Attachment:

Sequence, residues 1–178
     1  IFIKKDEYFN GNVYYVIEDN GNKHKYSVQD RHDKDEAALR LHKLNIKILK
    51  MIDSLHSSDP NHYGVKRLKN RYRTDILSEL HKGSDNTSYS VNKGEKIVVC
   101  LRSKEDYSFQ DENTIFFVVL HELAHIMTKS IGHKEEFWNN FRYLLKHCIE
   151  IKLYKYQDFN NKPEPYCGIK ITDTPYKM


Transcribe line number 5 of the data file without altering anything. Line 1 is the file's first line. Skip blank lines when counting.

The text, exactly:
   151  IKLYKYQDFN NKPEPYCGIK ITDTPYKM